by David DiSalvo
It comes as no surprise that people tend to prefer others of the same in-group. If you’re a diehard supporter of a political candidate and someone drives by with a bumper sticker endorsing the candidate, you feel a hint of “inness” with that person. If someone drives by with a bumper sticker of the candidate’s opponent, you feel a twinge of “otherness” about that person. If asked why, you might say that the first person probably shares many of your views and you’re on the same team, more or less. The second driver is showing with the opponent’s bumper sticker that she’s on the other team. In effect, you feel a sense of in-group trust with the first person that you don’t feel with the second.
But why, exactly, trust a stranger any more than another stranger if you don’t really know either of them? That question was addressed in a study in the April issue of Psychological Science. The study begins by establishing two possible bases for group-based trust. The first is stereotyping — people tend to judge in-group members as nicer, more helpful, generous, trustworthy and fair. The second is expectation — people tend to expect relatively better treatment from in-group members because they are thought to value, and want to further, other in-group members’ interests.
Study participants were offered a choice between an unknown sum of money from an in-group member or an out-group member (and were told that the in-group and out-group members controlled the amount of money to allocate as they desired). The initial result was that participants overwhelmingly chose the in-group member option. And, surprisingly, this result held true even when the stereotype of the in-group was more negative than that of the out-group. Good, bad or indifferent, the stereotype was ignored in favor of group identity.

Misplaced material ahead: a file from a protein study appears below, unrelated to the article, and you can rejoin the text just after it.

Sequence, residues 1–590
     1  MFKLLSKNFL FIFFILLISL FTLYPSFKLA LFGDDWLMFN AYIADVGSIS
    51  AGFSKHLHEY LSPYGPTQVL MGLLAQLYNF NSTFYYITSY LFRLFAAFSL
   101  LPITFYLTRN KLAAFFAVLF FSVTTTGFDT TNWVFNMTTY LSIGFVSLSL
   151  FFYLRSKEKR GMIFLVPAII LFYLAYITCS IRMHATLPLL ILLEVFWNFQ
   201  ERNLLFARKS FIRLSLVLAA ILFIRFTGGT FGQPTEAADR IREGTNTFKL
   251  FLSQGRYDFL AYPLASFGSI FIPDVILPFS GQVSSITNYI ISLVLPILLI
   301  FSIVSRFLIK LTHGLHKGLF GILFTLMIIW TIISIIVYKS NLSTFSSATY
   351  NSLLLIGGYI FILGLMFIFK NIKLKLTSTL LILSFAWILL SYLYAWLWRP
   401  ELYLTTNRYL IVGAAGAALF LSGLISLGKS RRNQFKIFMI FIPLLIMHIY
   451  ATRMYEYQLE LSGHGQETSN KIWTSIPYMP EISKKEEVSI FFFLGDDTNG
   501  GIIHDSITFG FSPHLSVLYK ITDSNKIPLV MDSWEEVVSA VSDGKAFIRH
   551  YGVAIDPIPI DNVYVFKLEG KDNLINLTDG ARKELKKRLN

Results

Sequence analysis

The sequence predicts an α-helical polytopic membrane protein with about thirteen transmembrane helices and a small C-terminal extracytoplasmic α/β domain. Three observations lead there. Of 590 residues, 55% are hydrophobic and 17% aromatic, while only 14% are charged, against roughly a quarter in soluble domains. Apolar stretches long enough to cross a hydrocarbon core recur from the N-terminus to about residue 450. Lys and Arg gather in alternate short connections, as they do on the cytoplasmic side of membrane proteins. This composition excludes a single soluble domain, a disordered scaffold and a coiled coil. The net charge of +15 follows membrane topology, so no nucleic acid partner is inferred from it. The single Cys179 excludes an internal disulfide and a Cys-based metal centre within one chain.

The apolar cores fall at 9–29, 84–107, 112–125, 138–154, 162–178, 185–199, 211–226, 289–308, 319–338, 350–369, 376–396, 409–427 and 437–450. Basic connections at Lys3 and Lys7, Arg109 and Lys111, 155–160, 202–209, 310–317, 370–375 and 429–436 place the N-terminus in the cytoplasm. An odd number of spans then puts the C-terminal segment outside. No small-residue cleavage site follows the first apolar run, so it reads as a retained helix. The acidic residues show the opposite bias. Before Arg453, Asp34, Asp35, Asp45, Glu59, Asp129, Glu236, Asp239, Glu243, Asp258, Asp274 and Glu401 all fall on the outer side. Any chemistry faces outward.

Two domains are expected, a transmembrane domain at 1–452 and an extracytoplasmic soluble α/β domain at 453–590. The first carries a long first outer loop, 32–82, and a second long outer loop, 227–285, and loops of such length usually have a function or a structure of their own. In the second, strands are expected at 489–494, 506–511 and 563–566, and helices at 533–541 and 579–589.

But, when participants were told that the in-group money giver didn’t know they were part of the same group, the situation changed. When this was the case, participants resorted to making their choice on the basis of stereotype. If the in-group was portrayed negatively, then the participants were more likely to choose the out-group member option, and visa versa.
So this study suggests that when members of the in-group are mutually aware of their inness, there’s an expectation of better treatment than would be received from an out-grouper. But when that awareness is muddied, reliance on stereotypes kicks in.
This analysis gets really interesting when focused on electronic communication. Online, most people are not aware of others’ inness or outness. According to the results of this study, in these cases we’d expect most people to rely on group stereotypes when deciding who to trust (follow, read, etc), and social networking provides fertile ground to test this hypothesis in real-time.
Foddy, M., Platow, M., & Yamagishi, T. (2009). Group-Based Trust in Strangers: The Role of Stereotypes and Expectations Psychological Science, 20 (4), 419-422 DOI: 10.1111/j.1467-9280.2009.02312.x